A young woman living in a rigid, puritanical society discovers dark powers within herself in this stunning, feminist fantasy debut.
In the lands of Bethel, where the Prophet’s word is law, Immanuelle Moore’s very existence is blasphemy. Her mother’s union with an outsider of a different race cast her once-proud family into disgrace, so Immanuelle does her best to worship the Father, follow Holy Protocol, and lead a life of submission, devotion, and absolute conformity, like all the other women in the settlement.
But a mishap lures her into the forbidden Darkwood surrounding Bethel, where the first prophet once chased and killed four powerful witches. Their spirits are still lurking there, and they bestow a gift on Immanuelle: the journal of her dead mother, who Immanuelle is shocked to learn once sought sanctuary in the wood.
Fascinated by the secrets in the diary, Immanuelle finds herself struggling to understand how her mother could have consorted with the witches. But when she begins to learn grim truths about the Church and its history, she realizes the true threat to Bethel is its own darkness. And she starts to understand that if Bethel is to change, it must begin with her.
I don’t usually read speculative, fantasy fiction but for some reason the Year Of The Witching had something appealing about it. I wasn’t sure if it was the topic of witches, or after reading the blurb, the parallels of men’s hold over women and the use of religious doctrines that intrigued me.
Whatever it was, it was a novel that I loved, that enthralled from the very first page and pulled me into the world of Immanuelle.
What can I say about Immanuelle! One of the bravest, strongest most determined young woman I have met in fiction. She had to live with her mothers past as a witch, the family that were stripped of their wealth, made to pay the price for her wrongdoings. Most women would keep their head down and just get on with life, but Henderson had other ideas for Immanuelle as she challenged the very core of Bethel, and the hold the Prophet and his Apostles held over its inhabitants.
The similarities to modern day cults were obvious, the use of scriptures, holy laws to ‘guide’ its people, the threat of contrition, imprisonment, punishment an axe that loomed large over their heads. Immanuelle, with the help of her mothers diary set out on a dangerous path that allowed Henderson to play with our imagination. She took us into the darkness of the Darkwood, and we felt the eerie chill of danger, saw the trio of witches that played with Immanuelle, attempted to draw her in, before a series of plagues descended on Bethel. The images that ran through my mind were just brilliant, as blood ran through the streams, the wells, the fields before darkness and finally the slaughter, the ultimate sacrifice.
Henderson gave Immanuelle an intelligence and maturity beyond her years as she battled the elements and the Prophet himself. Here was a man who believed in his own all encompassing power, that would stop at nothing to hold onto it, his abuse of young girls, his many wives that bore all the hallmarks of a cult leader at its worst. Yet Henderson pushed Immanuelle to her limits as she bargained with the Prophet, exposed his weakness and cowardice, putting herself in danger in the hopes of releasing Bethel from the grip of the plagues. Would the people of Bethel be behind her, or would they rail against her, afraid of recriminations, a blindness to the hold the Prophet had held over them? As per human nature there were those that doubted, that believed in the status quo, refused to believe in Immanuelle, bayed for her blood and you wondered if she would prevail or indeed survive.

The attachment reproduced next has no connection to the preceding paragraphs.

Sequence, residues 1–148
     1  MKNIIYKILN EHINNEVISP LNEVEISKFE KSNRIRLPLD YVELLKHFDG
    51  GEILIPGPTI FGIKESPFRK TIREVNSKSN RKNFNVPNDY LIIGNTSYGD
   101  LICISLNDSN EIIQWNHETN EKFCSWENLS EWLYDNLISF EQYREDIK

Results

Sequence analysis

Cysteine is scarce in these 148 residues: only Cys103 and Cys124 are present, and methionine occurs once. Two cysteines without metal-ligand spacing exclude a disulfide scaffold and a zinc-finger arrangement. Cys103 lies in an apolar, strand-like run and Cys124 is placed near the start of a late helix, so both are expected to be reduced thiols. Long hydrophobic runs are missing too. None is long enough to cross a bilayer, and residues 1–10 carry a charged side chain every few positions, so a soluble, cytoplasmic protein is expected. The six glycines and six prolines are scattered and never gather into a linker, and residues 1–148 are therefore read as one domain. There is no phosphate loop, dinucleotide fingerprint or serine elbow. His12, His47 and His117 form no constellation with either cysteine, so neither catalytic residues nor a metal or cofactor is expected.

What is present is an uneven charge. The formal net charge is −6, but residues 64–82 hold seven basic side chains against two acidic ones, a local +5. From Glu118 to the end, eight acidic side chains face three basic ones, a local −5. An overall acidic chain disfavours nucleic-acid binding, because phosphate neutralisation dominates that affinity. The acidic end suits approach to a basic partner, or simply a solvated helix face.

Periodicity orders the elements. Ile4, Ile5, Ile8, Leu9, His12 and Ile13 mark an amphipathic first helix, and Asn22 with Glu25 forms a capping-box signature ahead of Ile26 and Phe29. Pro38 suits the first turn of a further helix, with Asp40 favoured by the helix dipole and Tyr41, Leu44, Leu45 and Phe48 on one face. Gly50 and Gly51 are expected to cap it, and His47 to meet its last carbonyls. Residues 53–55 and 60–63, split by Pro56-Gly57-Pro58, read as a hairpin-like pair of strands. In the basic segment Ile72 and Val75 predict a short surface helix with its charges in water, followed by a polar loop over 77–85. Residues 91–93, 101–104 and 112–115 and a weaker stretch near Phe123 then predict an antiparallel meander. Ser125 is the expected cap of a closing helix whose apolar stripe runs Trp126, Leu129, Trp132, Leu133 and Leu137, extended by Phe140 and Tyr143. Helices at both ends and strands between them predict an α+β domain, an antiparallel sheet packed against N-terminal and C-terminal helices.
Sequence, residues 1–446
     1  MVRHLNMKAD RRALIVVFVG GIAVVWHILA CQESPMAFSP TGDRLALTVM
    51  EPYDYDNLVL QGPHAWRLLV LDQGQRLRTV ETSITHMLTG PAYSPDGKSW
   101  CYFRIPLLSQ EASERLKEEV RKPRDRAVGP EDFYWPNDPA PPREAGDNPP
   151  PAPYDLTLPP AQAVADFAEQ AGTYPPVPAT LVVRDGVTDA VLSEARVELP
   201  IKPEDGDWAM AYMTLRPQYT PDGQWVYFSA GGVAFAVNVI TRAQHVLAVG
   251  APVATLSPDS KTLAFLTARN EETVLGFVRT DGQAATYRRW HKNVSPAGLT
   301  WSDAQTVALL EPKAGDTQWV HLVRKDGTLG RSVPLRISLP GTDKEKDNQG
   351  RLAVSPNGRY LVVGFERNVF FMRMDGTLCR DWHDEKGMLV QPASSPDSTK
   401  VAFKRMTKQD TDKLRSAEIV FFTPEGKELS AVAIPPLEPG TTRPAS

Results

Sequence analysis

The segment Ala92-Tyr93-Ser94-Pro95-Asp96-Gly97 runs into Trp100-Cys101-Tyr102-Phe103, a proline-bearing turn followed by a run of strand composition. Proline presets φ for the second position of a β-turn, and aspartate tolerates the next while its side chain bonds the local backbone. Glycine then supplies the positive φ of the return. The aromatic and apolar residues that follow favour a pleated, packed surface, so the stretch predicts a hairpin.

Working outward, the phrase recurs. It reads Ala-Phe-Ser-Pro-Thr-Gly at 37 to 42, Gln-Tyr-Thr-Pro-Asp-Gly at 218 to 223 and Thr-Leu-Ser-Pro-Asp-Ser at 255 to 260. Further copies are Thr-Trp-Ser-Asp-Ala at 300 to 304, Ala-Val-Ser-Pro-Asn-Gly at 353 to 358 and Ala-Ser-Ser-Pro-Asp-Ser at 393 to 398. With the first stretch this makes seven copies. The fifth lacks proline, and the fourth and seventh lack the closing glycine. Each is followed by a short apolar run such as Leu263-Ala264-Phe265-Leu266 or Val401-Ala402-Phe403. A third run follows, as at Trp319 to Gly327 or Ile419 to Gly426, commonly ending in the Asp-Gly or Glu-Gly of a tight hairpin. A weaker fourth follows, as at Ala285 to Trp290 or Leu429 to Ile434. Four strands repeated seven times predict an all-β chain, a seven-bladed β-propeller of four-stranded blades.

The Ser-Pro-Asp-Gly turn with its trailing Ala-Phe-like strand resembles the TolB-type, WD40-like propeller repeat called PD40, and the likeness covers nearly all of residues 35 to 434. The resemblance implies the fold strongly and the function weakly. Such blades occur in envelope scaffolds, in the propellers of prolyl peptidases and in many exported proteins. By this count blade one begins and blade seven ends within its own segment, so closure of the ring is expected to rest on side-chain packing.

The latter pages were full of drama, of sacrifice, you could hear the cacophony of noise fill you ear drums, the tension almost too much, and the imagery was fantastic.
It wasn’t all doom and gloom, there were hints and glimmers of hope and a feeling of optimism, of a bond that formed between Immanuelle and Ezra, son of the Prophet, the heir to the throne. Their combined strength appeared to grow despite the obstacles put in their way, and you felt that they were the future of Bethel, that something more lay in wait.
I was very pleased to read that Henderson will be writing a sequel as I cannot wait to see what the future will have in store for our wonderful Immanuelle.
I would like to thank Bantam Press for a copy of The Year Of The Witching to read and review and to Anne Cater of Random Things Tours for inviting My Bookish Blogspot to participate in the blogtour.
About the author
Alexis Henderson is a speculative fiction writer with a penchant for dark fantasy, witchcraft, and cosmic horror. She grew up in one of America’s most haunted cities, Savannah, Georgia, which instilled in her a life-long love of ghost stories. When she doesn’t have her nose buried in a book, you can find her painting or watching horror movies with her feline familiar. Currently, Alexis resides in the sun-soaked marshland of Charleston, South Carolina.
Her debut novel THE YEAR OF THE WITCHING will be published by Penguin Random House (US) and Penguin Books (UK) in summer 2020 with a sequel to come in 2021.